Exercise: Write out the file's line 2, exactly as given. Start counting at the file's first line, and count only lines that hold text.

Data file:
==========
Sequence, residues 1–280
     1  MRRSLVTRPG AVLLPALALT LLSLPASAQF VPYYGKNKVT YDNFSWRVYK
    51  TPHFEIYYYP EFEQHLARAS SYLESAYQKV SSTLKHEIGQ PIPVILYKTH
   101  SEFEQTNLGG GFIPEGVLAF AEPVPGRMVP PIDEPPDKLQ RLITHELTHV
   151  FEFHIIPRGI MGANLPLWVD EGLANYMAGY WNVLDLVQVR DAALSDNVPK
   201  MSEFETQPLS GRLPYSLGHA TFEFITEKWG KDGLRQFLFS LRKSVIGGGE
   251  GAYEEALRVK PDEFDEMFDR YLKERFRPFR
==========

     1  MRRSLVTRPG AVLLPALALT LLSLPASAQF VPYYGKNKVT YDNFSWRVYK